As parents, we are always trying to give our children advice on how they should live their lives. Most times that advice or those pleas to sit down and talk fall on deaf ears. But as parents age, the conversations that need to take place with their children become increasingly important.
- As a financial advisor, you are not only advising your client's finances, but also their entire family's by extension.
- Advisors need to seek out information on family structure and how that plays into overall goals—like college savings and life insurance.
- While it might be awkward at first to broach the subject of family matters, advisors are doing their clients a disservice by avoiding the topic.
Family conversations often cover issues such as health care and the end of life, but money must also take center stage. The right money topics can be dependent on the age of the child but should concern budgeting, debt, and other, more basic financial literacy topics.
The older the child and the parent, approach more serious topics like the transfer of wealth upon the death of the parents. Starting early talking about money will make these more serious conversations less painful.
New research conducted by Janus Henderson Investors, the Financial Planning Association, and Investopedia shows that parents want to do a better job of communicating about money with their children. Conversely, it seems that advisors don’t often talk about how clients can have money conversations with their kids. Only 35% of advisors say they proactively bring up the issue—and 71% of investors say they have never discussed the topic with their financial advisor.
Why You Should Bring up Children
If clients want to talk about children and money, why don’t advisors bring it up? Or better yet, how can advisors bring children into the financial mix in a way that adds to the existing relationship but isn’t a major drag on productivity or time?
Answering these questions is especially important for advisors and families given the amount of money that is set to change hands over the next few decades. As much as $68 trillion will change hands over the next 25 years. Families want to prepare the next generation to receive and preserve this wealth.
Advisors want to make sure they continue to manage those assets. Developing a relationship with clients’ children is key to ensuring this because once parents die and transfer money to their children, there's no guarantee they won't want to find a new financial advisor.
How to Broach the Subject
So how might advisors meet the expressed needs of parents to talk to children about money while also developing these relationships with younger generations?
Facilitate an annual family money meeting that includes not only parents but children, grandparents, or others deemed suitable as well. This meeting could serve as a way to introduce topics important to parents; answer questions about finances, the estate, or documents like wills and trusts; and begin an ongoing conversation around the family’s wealth.
If you’d like to start meeting with your clients’ children, first make sure you have the time to do so without detracting from your relationship with other clients. If time is a serious concern, perhaps have a more junior advisor in your office handle the logistics of scheduling the meetings.
If the goal is to build the relationship, you should take responsibility and be present during those meetings. If that’s too much to ask, then it might make sense to think about your book more holistically and trim existing relationships that don’t make sense. Be intentional about the process.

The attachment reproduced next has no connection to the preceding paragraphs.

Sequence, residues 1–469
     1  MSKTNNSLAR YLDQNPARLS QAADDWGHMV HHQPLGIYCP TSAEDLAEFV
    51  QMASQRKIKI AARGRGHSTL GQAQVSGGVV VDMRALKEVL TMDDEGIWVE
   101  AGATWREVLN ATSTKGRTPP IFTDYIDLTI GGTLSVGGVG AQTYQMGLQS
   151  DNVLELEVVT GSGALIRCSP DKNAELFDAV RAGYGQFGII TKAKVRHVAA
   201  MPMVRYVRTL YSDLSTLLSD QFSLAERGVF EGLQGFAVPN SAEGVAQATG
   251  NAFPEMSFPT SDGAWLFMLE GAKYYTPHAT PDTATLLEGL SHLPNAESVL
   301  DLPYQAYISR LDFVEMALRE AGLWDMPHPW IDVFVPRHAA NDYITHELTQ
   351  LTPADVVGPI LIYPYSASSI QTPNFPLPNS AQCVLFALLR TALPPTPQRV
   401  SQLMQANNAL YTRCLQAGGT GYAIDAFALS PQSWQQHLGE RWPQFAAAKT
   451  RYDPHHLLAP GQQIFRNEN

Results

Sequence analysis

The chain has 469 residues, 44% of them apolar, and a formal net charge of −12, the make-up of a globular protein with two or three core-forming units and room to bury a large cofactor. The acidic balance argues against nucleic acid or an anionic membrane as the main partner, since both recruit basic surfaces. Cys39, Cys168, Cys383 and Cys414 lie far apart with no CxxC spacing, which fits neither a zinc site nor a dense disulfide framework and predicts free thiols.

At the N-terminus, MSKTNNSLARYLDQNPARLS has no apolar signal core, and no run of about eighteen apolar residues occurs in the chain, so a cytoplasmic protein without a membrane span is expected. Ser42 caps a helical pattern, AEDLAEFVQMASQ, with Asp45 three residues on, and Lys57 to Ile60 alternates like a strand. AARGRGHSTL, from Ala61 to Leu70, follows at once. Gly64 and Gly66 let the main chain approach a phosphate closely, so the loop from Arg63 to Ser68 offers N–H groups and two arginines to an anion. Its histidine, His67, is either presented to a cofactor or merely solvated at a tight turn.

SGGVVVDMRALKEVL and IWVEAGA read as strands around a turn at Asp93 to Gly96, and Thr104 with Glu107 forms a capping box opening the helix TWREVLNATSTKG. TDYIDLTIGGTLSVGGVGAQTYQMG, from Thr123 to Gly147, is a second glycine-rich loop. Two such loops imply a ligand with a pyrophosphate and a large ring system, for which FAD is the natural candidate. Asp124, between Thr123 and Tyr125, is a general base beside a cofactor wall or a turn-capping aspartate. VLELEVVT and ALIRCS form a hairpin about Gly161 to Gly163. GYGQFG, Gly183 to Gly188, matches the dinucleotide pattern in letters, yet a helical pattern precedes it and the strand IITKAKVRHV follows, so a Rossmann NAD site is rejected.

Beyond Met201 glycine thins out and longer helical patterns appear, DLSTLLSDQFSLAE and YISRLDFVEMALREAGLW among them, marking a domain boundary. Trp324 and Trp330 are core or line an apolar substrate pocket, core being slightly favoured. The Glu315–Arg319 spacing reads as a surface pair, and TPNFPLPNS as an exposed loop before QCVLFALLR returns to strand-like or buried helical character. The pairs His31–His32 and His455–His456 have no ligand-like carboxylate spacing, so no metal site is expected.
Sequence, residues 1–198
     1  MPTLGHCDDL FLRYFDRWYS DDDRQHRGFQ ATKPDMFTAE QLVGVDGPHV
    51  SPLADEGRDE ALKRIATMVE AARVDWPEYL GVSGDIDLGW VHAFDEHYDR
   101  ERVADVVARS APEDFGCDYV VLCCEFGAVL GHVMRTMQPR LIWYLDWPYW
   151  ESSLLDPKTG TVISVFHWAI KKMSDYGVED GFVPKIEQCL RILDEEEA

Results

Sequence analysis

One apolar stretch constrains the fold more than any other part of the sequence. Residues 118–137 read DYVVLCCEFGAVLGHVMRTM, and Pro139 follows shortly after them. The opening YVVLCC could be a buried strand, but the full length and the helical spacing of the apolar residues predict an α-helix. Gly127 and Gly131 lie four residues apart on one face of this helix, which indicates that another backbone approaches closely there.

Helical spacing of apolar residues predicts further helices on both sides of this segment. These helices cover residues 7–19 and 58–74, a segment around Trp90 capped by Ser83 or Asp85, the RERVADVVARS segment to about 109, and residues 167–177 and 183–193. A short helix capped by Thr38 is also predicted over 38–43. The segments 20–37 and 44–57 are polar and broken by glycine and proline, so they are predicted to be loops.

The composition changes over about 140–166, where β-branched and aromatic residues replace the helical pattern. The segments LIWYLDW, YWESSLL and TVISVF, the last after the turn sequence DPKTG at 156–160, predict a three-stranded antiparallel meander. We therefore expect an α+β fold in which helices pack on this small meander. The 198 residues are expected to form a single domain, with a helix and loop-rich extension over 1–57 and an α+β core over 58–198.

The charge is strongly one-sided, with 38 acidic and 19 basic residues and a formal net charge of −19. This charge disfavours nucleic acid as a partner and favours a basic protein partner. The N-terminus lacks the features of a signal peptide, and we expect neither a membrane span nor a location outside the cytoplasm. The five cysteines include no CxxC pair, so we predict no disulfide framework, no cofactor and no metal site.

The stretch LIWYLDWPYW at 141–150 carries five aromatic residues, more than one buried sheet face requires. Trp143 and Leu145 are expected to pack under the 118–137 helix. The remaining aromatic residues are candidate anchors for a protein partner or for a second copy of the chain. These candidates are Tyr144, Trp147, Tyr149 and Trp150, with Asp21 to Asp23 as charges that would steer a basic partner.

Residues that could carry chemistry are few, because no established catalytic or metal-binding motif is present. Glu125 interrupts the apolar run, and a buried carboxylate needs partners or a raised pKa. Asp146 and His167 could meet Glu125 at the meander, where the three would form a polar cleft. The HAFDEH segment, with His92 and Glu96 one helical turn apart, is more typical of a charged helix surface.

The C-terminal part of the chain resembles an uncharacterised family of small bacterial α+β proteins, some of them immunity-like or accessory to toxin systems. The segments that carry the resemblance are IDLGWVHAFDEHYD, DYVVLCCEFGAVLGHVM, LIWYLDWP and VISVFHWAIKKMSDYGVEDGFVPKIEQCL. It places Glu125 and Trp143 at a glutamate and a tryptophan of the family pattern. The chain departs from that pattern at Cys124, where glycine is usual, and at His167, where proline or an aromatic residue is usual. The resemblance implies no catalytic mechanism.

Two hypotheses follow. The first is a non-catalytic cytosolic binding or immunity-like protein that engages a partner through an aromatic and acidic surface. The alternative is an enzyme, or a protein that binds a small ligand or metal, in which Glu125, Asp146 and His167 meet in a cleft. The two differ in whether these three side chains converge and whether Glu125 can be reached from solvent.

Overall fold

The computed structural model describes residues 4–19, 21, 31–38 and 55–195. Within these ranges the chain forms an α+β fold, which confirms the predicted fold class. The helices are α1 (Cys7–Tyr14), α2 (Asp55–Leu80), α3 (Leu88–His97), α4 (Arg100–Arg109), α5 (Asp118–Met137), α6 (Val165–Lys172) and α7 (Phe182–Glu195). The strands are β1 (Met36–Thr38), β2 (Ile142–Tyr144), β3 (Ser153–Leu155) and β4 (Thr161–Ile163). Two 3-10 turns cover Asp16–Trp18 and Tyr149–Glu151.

Consider developing a packet of information for younger people that can help them understand the issues they are facing. This could include topics like student loan repayment options, career-related information like negotiating salaries, and budgeting.
What Do Advisors Say About Savings Accounts for Kids?
Parents can open a savings account on behalf of their kids, which will typically pay relatively low interest. Another option is a 529 savings plan, which is a tax-advantaged savings plan meant to be used for future education expenses.
How Do You Approach Family and Friends As a Financial Advisor?
Financial advisors can ask friends and family to invest with them, although it could strain certain relationships. Advisors should lay out expectations and clearly define the risks, just as they would with typical clients.
What Is a Family Wealth Advisor?
A family wealth advisor typically works solely with an affluent family. They provide private wealth management services as part of a family office that manages the family’s funds.
The Bottom Line
However you do it, it’s vital to foster a relationship with your clients’ children. Not only are your existing clients—the parents—concerned about these topics, but their children will also be the main recipients of their wealth in the future. Making sure you start the money conversation with children helps meet the needs of your existing clients, ensures a smooth transfer of wealth, and solidifies you as the family’s primary wealth manager.
The information contained herein is for educational purposes only and should not be construed as financial, legal, or tax advice. Circumstances may change over time so it may be appropriate to evaluate strategy with the assistance of a professional advisor. Federal and state laws and regulations are complex and subject to change. Laws of a particular state or laws that may apply to a particular situation may have an impact on the applicability, accuracy, or completeness of the information provided. Janus Henderson does not have information related to and does not review or verify particular financial or tax situations, and is not liable for use of, or any position taken in reliance on, such information.